August 21, 2016

  • "The shoe features canvas, suede and mesh, with the varsity royal blue apparently inspired by Port Phillip Bay and the brown midsole chosen to represent the turdish Yarra River that winds its wiggly way through our magnificent city."

    August 21, 2016

  • "hefting – also known as heafing in this part of the country, but known as many other things across the UK.

    I’m no expert on hefting but the way I understand it to work, from a friend who does know, is that when shepherds want to establish a new flock, they take the sheep up onto the moorland where they want them to graze and they constrain them on that land. This is sometimes done with fencing, but is also done by physical shepherding. The flock gets to know where it can, and can’t, go because of the constraints.
    Eventually the shepherd removes the constraint, but the sheep don’t drift off. They stay where they have been hefted. They’ve learnt to live within their current constraints.

    Once a flock has been established within its heft, the shepherd can add new sheep to the flock and they will take on the heft of the rest of the sheep, as long as too many fresh ideas aren’t introduced. The hefting is passed from generation to generation without the need for the constraints to be put back in place. That’s how strong the constraints are in the minds of the rest of the flock.

    We’re not dissimilar to sheep. We pick a way of doing things, or a technology, based on what our tribe is doing. Having chosen a technology, we stay with it, we invest in it, and we live within its constraints. We become comfortable in our place of pasture." --Technology Perspectives.

    August 21, 2016

  • What a ghastly word.

    August 21, 2016

  • "This research illustrates the importance of collaboration in the scientific discovery process, and how the study of one disease, in this case cancer, can have a profound impact on the understanding on another." said Dr. Courtneidge, "In the future, we hope to use our mouse model to study the disease in more depth, as well as to determine whether other genes involved in invadopodia formation are also associated with FTHS." See invadopodium.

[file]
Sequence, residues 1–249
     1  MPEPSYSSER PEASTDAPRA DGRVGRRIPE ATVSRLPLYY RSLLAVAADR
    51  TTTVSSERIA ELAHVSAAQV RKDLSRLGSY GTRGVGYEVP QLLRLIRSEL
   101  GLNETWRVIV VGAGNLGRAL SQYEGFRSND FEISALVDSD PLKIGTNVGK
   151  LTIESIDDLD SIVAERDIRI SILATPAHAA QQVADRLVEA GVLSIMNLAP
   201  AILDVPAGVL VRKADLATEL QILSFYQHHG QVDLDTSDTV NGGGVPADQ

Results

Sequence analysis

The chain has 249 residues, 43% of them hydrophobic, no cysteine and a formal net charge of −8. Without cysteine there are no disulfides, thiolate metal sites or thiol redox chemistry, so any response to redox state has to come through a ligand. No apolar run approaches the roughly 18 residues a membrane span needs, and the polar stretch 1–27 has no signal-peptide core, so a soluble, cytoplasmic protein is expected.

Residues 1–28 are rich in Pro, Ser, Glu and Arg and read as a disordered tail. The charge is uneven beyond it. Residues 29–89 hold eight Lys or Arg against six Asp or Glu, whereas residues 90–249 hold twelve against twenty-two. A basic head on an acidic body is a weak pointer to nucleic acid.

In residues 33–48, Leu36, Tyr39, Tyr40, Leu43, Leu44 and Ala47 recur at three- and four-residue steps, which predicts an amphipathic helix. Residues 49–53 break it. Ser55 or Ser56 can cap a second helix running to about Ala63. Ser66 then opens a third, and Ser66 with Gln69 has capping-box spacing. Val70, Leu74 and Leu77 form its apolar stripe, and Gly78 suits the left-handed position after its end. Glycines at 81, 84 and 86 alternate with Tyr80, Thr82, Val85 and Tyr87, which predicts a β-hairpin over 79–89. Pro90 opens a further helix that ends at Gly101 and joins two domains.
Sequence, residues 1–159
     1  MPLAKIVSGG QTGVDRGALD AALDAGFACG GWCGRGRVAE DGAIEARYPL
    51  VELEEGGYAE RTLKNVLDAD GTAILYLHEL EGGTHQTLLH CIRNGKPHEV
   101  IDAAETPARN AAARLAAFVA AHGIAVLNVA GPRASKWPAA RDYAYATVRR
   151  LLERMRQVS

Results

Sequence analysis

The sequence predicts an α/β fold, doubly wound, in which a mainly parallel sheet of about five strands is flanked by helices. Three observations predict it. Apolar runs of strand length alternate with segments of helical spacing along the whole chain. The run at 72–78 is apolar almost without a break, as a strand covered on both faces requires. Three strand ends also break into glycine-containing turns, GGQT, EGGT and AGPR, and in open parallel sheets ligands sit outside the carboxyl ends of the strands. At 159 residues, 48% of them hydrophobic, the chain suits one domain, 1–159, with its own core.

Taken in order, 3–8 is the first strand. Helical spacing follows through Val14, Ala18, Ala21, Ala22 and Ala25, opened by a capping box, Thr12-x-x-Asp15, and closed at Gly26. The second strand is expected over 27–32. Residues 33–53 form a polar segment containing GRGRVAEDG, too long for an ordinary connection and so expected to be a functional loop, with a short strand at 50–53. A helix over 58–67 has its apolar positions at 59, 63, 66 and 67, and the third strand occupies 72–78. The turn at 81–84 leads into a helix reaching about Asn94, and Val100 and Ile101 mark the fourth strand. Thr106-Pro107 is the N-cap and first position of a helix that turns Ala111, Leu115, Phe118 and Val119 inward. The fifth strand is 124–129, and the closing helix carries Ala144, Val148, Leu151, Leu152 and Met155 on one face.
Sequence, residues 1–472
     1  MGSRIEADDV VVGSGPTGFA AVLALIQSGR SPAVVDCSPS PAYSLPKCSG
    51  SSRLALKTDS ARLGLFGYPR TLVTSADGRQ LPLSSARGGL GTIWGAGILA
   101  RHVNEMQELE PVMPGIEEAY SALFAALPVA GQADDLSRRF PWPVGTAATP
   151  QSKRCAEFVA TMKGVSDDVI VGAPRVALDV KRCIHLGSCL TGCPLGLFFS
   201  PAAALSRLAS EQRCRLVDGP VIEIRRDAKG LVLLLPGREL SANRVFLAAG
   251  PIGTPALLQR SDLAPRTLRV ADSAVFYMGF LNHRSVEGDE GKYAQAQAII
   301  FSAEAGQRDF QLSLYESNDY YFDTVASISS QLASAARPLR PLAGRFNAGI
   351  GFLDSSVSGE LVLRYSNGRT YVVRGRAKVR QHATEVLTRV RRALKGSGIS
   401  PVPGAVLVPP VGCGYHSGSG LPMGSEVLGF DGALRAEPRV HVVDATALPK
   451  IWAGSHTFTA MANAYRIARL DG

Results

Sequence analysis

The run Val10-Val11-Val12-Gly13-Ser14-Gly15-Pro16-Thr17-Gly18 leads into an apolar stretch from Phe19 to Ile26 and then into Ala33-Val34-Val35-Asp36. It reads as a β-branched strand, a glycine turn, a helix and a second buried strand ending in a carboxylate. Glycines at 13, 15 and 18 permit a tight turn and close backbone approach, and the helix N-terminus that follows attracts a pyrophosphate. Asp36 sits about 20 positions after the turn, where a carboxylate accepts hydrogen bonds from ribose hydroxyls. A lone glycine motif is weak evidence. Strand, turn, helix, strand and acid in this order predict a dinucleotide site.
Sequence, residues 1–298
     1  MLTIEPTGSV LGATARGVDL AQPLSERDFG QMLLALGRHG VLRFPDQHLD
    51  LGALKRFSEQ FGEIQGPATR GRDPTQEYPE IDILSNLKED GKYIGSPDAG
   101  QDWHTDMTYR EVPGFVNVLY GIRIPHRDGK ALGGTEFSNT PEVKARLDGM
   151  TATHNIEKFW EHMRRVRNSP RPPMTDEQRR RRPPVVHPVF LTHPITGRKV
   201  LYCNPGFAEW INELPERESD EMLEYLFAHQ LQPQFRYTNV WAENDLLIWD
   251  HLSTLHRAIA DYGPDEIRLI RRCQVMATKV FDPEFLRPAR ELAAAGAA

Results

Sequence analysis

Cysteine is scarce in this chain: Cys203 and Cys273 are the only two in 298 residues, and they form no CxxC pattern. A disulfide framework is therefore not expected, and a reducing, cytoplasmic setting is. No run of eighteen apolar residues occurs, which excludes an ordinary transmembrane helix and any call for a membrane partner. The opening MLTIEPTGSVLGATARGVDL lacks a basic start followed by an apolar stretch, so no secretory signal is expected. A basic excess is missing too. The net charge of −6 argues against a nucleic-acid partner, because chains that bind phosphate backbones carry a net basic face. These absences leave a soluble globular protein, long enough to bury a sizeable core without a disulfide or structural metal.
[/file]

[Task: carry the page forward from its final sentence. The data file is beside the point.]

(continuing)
August 21, 2016

  • rice krispies: the glitter herpe of breakfast cereals. What is glitter herpe?

    August 20, 2016

  • See also stultify.

    August 20, 2016

  • The highest rank in the SS.

    August 17, 2016

  • Corporations need transportation on occasion, don't they?

    August 11, 2016

  • A volcanic winter is a reduction in global temperatures caused by volcanic ash and droplets of sulfuric acid obscuring the Sun and raising Earth's albedo (increasing the reflection of solar radiation) after a large particularly explosive volcanic eruption. Long-term cooling effects are primarily dependent upon injection of sulfide compounds in aerosol form into the upper atmosphere—the stratosphere—the highest, least active levels of the lower atmosphere where little precipitation occurs, thus requiring a long time to wash the aerosols out of the region. Stratospheric aerosols cool the surface and troposphere by reflecting solar radiation, warm the stratosphere by absorbing terrestrial radiation, and when combined with anthropogenic chlorine in the stratosphere, destroy ozone which moderates the effect of lower stratospheric warming. The variations in atmospheric warming and cooling results in changes in tropospheric and stratospheric circulation.